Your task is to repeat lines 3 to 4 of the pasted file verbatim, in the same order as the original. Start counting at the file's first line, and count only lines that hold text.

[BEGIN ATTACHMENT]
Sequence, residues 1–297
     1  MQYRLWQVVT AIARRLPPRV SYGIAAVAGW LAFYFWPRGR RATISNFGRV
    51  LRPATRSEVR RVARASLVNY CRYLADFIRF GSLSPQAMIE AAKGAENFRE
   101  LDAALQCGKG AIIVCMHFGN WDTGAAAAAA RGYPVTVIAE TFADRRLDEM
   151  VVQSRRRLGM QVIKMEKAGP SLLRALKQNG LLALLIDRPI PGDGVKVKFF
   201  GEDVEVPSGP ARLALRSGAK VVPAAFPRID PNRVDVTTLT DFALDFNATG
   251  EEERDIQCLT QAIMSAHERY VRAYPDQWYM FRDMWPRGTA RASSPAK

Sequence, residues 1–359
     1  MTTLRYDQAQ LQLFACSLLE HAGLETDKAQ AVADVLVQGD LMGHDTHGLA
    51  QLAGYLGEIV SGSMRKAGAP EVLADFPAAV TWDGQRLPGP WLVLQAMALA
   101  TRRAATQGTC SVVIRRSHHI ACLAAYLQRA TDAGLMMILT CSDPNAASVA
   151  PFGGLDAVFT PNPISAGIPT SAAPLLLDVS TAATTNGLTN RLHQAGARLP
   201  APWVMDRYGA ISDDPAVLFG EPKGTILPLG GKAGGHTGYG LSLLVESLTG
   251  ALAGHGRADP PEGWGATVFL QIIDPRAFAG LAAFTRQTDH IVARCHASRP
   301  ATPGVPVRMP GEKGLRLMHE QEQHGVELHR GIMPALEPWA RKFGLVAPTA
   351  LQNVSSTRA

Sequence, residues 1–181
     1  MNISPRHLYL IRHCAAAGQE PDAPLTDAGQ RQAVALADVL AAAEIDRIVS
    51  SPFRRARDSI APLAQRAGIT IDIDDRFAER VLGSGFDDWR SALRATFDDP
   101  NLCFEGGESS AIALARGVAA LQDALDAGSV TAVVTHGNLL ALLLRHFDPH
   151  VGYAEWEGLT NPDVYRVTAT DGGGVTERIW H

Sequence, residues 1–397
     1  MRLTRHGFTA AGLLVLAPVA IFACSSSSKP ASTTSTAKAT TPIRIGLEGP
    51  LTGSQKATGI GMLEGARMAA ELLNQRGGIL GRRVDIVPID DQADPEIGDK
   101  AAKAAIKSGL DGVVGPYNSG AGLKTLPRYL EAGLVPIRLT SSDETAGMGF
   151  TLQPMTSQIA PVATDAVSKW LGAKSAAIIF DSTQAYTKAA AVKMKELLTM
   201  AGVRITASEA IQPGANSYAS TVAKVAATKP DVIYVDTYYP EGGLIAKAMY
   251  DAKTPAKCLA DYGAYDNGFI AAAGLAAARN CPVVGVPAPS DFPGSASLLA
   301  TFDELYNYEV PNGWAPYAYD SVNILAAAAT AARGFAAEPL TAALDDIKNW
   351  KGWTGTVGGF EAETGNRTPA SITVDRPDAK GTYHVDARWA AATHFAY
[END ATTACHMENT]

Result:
    51  LRPATRSEVR RVARASLVNY CRYLADFIRF GSLSPQAMIE AAKGAENFRE
   101  LDAALQCGKG AIIVCMHFGN WDTGAAAAAA RGYPVTVIAE TFADRRLDEM